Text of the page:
More than 30 fines a week are being doled out to drivers who are endangering children by parking irresponsibly outside schools in Sheffield.
And the number of motorists caught stopping on keep clear markings or yellow lines near school gates continues to rise despite increasingly vocal warnings about pupils’ safety.
Since January 2012, nearly 8,100 fines have been issued to culprits across the city, who have shelled out more than £285,000, a Freedom of Information request by The Star has revealed.
The annual toll has increased from 1,331 in 2014 to 1,760 last year, and with 297 fines already issued in the first two months of this year it is on course to continue that upwards trend.
Some of the schools where the most fines have been handed out over the last five years are:
n King Edward VII, in Broomhill
n St Patrick’s Catholic Voluntary Academy, Sheffield Lane Top
n Woodseats Primary
n Sharrow Children’s Centre
n Lowfield Primary
n Broomhill Infants
At St Patrick’s Catholic Voluntary Academy, in Sheffield Lane Top, business manager Kathryn Fox described dangerous parking as a ’nightmare’.
“It’s always been bad but it does seem to have got worse recently. It’s become a nightmare,” she said.
“It’s hard to get through to drivers that their child getting to school on time isn’t the priority, it’s their safety.
“We’re getting it in the neck from parents and residents but the school can’t do anything.”
Mrs Fox added that the school sent frequent warnings in its newsletter and police had run road safety workshops for youngsters and their parents.
She urged parents to report drivers to the police or council if they were seen parking irresponsibly outside the school.
Catherine Timbers, headteacher at Broomhill Infants School, said the school had done everything in its power to warn drivers but they were failing to heed the message.
Pupils have been patrolling outside the school, alongside the building supervisor; parents have been sent a map showing free parking available away from the school entrance; and the school has even raised money to put up a banner, she said.
“I would urge drivers to park responsibly because their actions could cost a child his or her life,” she added.
“I know that sounds dramatic but it’s the truth. Thankfully none of our children have been hit but we’ve had one or two near misses which could have been horrible.”
Ms Timbers added that it was not just parents parking irresponsibly, but also residents and those working nearby as parking spots were at a premium in the area.
Sheffield Council recently teamed up with South Yorkshire Police for a crackdown on dangerous parking outside schools, during which warnings and fines were issued to numerous motorists caught flouting the law.
Parents and pupils at some schools in the city have taken matters into their hands.
In February, police were called to Carfield Primary School in Meersbrook where tempers flared over a demonstration staged by parents.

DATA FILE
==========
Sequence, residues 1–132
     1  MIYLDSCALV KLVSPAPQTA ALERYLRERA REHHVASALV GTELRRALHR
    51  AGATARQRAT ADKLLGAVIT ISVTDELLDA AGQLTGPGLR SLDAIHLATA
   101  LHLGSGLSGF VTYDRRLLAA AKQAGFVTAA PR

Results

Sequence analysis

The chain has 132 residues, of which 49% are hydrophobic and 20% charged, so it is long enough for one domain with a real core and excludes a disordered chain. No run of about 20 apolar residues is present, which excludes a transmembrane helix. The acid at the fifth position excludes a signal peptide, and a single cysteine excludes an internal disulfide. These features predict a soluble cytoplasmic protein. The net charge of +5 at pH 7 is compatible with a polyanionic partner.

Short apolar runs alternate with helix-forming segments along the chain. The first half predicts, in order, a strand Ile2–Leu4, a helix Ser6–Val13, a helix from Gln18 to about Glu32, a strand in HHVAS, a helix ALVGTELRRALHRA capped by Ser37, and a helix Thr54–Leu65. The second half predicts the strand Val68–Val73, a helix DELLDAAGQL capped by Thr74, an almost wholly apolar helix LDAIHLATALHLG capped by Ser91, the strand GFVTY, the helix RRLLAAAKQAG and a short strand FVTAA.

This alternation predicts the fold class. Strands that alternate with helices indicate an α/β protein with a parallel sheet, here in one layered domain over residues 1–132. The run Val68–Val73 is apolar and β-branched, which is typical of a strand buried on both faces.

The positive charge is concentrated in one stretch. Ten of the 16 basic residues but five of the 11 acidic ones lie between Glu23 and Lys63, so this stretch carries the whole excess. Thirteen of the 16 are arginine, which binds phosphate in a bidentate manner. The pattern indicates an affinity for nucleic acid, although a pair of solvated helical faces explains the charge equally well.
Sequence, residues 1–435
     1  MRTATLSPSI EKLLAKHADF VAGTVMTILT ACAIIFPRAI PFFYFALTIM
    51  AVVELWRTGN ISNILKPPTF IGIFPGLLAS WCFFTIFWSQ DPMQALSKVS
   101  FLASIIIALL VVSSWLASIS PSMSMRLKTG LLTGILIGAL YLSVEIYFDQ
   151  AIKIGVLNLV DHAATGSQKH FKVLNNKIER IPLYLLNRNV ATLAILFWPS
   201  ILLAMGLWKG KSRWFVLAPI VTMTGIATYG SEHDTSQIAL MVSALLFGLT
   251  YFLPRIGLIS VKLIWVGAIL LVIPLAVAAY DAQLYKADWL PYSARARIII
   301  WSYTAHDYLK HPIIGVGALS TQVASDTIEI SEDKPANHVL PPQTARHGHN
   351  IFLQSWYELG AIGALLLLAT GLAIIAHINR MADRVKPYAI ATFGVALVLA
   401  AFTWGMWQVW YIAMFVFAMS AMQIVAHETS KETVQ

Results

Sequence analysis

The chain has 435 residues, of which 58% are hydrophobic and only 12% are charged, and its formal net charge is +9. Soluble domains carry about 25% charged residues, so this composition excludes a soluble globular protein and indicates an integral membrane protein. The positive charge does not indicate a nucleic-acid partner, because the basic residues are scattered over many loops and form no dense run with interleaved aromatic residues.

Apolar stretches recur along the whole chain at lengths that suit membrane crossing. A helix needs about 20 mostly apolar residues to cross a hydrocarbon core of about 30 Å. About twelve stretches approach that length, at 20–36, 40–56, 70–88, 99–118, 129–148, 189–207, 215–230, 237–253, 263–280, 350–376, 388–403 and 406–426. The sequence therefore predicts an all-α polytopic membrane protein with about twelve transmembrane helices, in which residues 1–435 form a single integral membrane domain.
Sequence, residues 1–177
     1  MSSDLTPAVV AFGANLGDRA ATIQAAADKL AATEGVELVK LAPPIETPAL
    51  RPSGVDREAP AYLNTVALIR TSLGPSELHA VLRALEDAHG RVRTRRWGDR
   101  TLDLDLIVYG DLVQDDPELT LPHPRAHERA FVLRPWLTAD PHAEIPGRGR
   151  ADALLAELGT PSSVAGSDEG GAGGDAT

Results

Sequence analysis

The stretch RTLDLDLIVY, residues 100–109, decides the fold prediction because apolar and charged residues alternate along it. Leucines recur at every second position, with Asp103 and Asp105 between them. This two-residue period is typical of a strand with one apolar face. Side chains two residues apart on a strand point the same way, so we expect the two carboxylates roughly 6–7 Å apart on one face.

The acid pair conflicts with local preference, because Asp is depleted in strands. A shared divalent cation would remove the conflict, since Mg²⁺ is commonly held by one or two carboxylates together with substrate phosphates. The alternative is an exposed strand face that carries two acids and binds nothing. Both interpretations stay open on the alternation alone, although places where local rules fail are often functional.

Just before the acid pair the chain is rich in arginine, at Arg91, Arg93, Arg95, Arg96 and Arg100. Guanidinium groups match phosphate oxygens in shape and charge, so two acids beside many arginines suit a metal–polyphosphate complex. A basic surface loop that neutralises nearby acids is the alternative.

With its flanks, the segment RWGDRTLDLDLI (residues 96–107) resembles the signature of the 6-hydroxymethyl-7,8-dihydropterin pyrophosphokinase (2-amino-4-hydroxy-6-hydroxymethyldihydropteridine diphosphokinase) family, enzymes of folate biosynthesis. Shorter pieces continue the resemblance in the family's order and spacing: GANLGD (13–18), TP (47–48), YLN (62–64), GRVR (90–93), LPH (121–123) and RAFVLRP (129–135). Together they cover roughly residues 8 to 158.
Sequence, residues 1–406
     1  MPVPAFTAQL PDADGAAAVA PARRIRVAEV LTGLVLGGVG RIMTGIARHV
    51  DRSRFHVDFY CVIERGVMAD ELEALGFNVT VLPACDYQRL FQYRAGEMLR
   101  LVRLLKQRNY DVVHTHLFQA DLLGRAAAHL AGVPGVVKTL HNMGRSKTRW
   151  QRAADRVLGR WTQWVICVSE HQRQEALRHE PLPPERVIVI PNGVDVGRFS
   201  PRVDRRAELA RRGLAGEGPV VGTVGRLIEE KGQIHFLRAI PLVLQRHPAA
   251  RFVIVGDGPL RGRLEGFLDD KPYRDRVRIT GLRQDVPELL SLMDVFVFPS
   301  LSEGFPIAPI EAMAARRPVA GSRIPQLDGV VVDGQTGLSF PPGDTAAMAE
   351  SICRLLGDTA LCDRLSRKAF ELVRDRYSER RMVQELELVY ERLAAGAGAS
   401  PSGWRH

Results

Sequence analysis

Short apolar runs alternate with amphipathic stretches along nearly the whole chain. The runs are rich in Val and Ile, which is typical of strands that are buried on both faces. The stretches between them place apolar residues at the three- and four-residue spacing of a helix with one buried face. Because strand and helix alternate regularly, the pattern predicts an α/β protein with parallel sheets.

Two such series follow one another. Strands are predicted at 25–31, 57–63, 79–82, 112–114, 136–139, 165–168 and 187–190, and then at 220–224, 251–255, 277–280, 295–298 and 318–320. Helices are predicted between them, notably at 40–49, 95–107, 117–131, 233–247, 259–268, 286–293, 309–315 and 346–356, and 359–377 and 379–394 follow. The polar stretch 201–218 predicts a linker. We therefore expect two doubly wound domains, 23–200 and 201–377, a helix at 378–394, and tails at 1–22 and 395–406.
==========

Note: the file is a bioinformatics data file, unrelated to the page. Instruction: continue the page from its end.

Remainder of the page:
Later that month, pupils at Athelstan Primary School stood outside monitoring drivers stopping on double yellow lines and posting a daily tally on Twitter in a bid to shame motorists into changing their ways.
Sheffield Council revealed in January how over the last five years 113 primary school aged children had been injured – 32 seriously – in crashes across Sheffield occurring between 8am and 10am or 3pm and 5pm.
Councillor Mazher Iqbal, the council’s cabinet member for transport, warned at the time how illegal parking was putting lives at risk.
“We know that parents often have little time to spare when it comes to collecting their children but they simply mustn’t flout rules outside schools – they are in place to keep children safe,” he said.
Inspector Jason Booth, of South Yorkshire Police, said at the time that some parents had been upset by the enforcement action.
But he said others were very much in support, adding: “I do not make any apologies in ensuring the safety of kids.”
Coun Iqbal said: “As our recent awareness campaign outside primary schools shows, the council and Road Safety Partnership work hard to educate parents and carers about safe and responsible driving outside schools.
“In many cases we are able to inform drivers of their responsibilities, without the need for a ticket being issued. But we will issue notices if we have to.
“We have developed a programme to improve the signage, lines and traffic regulation orders around schools to enable better enforcement.
“We are planning on introducing more keep clear signs in the months ahead.
“Most parents park responsibly, and many schools offer solutions to avoid the need to park in dangerous or illegal locations.
“Restrictions are there for a reason – to keep pupils safe.
“One accident is one too many and we will continue our programme of education, visiting schools, and enforcement to make our schools safer.”